You are very right to be concerned for your mother's well being should your step dad die. And I will add that it could become a huge ordeal for you to get through with things the way they are now.

Why did your step dad cancel his life insurance? And were you listed on his like your mom did for his children? This is a red flag to me unless he had a significant reason. You also stated your mother puts all her earnings into their daily living. Does your step dad do the same? If not, where does his money go? Your step sister does not want the property sold. Sorry, that implies she expects it to come to her. And, she will break into the safe when her father dies? Bingo, another red flag. These are all signs that when dad dies your mother will have a fight on her hands and may end up without any money. And your step dad is telling your mom one thing about the property and his daughter something else.

Your mom needs to address her concerns with her husband. There are ways to ensure that everyone is taken care of appropriately through a living trust. I will tell you that money changes people and they become greedy little animals when someone dies. They need to sit down with a pad and paper and address each and everything they own. Bank accounts, stocks, life insurance, jewelry, real estate, furniture, heirlooms, etc. Find a home for everything. Then go to an estate lawyer and get it in writing with a statement in the will that says anyone that tries to contest the will, inherits nothing. That statement will stop that action. It's actually very common in wills now.

I think that if two people come into a marriage later in life and they each have children, it becomes very difficult. His children may not recognize your mom having a right to anything. That is why a trust is so important. It needs to be legally done, not just written down and given to the kids.

And it may be that your mom and step dad did not come into the marriage with the same assets. One may have more that the other. Seems reasonable that everything should not come out even for all children or the living spouse. But provisions should be made to allow comfort for the surviving spouse. Your mom should not be left out in the cold if her husband has assets. But care must be taken to ensure his children also benefit in some way. The way to do this is a trust. This tells everyone that your mother and step dad BOTH made the decisions together. End of argument.

This is a hard discussion to approach. But I would think after 15 years it could be accomplished. Neither of them should worry needlessly. I would think that your step dad would make it a priority if he loves his wife and wants her to feel secure. It's time to get it done. Good luck with this. You are right to be concerned.

And by the way, I happen to think that while your step dad is recouping, this is a perfect time to discuss this and write everything down. What else does he have to do that's more important.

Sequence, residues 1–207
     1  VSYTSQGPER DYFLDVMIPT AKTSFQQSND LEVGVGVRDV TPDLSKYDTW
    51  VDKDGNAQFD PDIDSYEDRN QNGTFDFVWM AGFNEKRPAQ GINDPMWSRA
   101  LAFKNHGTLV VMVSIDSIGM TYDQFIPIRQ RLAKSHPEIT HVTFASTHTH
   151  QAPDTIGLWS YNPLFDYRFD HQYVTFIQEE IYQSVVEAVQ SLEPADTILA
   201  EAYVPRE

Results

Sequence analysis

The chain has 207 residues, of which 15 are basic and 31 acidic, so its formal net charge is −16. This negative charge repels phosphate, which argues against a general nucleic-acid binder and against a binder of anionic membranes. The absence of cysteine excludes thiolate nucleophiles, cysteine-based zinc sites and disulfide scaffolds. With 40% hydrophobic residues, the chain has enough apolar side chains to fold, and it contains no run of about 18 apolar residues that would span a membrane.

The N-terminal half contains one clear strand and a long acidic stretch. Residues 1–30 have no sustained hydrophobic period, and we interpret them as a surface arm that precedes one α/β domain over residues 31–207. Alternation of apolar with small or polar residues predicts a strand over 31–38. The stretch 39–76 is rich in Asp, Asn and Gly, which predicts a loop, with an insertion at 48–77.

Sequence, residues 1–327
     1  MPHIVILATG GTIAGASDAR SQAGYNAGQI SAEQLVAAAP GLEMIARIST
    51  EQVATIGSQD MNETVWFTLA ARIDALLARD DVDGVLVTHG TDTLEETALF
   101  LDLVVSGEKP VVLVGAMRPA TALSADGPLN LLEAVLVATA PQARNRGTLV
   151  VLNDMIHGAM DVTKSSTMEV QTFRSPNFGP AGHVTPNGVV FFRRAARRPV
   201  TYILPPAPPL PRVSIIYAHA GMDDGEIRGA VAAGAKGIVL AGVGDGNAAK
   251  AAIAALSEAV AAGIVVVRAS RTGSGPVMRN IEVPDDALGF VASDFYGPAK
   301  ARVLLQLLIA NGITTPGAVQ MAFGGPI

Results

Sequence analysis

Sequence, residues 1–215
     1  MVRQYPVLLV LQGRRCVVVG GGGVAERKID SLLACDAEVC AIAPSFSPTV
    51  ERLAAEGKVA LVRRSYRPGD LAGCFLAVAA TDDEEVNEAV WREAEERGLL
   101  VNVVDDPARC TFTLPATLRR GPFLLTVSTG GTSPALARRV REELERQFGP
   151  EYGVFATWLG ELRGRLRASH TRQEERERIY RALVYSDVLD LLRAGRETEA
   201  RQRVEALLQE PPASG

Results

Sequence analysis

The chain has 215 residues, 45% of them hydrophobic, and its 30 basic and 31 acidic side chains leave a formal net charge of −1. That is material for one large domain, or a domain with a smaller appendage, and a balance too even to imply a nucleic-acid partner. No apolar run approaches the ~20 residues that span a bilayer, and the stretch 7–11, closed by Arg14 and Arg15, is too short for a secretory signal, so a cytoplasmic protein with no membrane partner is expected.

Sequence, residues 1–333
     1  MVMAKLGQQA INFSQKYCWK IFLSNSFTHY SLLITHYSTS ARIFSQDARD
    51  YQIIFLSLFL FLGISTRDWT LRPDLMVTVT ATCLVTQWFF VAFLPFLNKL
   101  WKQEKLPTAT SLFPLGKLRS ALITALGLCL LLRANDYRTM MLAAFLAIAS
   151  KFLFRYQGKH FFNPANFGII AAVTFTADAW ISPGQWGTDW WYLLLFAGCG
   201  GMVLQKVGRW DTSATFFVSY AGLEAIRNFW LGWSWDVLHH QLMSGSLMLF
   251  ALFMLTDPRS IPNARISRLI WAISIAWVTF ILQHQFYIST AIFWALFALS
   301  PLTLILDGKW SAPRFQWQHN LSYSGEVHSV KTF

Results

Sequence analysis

Last edited by Beth; September 6th, 2008 at 02:20 PM.
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Old September 7th, 2008, 04:36 AM
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Re: Encouraging Parents to Put Final Wishes in Writing

FWIW - my DH's grandfather divorced & remarried. According to the agreement he and 2nd DW had, everything was supposed to be split equally amoung all their children. Well - grandfather went first & DW #2 did not follow the agreement - everything went to her daughter after she died - (Grandfather had had more than her). The only things his (g-pa's) kids got were a few momento's - and that's it - not what he told his kids he wanted, but he didn't put anything in a will - just trusted his DW to do right-follow his wishes - as he would have followed hers.
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Old September 7th, 2008, 09:50 AM
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Re: Encouraging Parents to Put Final Wishes in Writing

Quote:
Originally Posted by snafu View Post
FWIW - my DH's grandfather divorced & remarried. According to the agreement he and 2nd DW had, everything was supposed to be split equally amoung all their children. Well - grandfather went first & DW #2 did not follow the agreement - everything went to her daughter after she died - (Grandfather had had more than her). The only things his (g-pa's) kids got were a few momento's - and that's it - not what he told his kids he wanted, but he didn't put anything in a will - just trusted his DW to do right-follow his wishes - as he would have followed hers.
It's sad this happens, but it does. This is why it must be done legally. Great point.
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Old September 7th, 2008, 01:15 PM
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Re: Encouraging Parents to Put Final Wishes in Writing

It even happens to an extent when it's done legally. When my D married his third wife (after my SM had died) they both signed a prenuptial agreement. My D was one of those organized people who was on top of everything. He left an iron clad will as well as written instructions, trust agreements, he had pre-paid for his funeral, etc.

Wife #3 still ended up with his IRA despite it being specifically mentioned in his pre-nup and his will that she was to NOT get it... it was to fund a charitable trust. He hadn't updated his beneficiary form when he remarried, and the company which was custodian of the IRA would not release it as per the instructions in (1) his will and (2) the documents he had signed before his marriage. The right forms weren't filed, so D's widow gets the IRA. She even wrote the company a letter explaining the situation and waiving her rights to it, but no go. She's the only one who is allowed to get the money.

Anyway, nonny, I haven't posted anything because I'm not sure what to tell you. Facing up to writing a will is a difficult thing... it's facing your own mortality in black and white, trying to imagine how things are going to be at an unknown point in the future, etc. It goes without saying that it's important, but this is one of those "lead a horse to water" things.

Maybe the best thing to do is spell out on paper what is going to happen (legally) when your M or SF die intestate?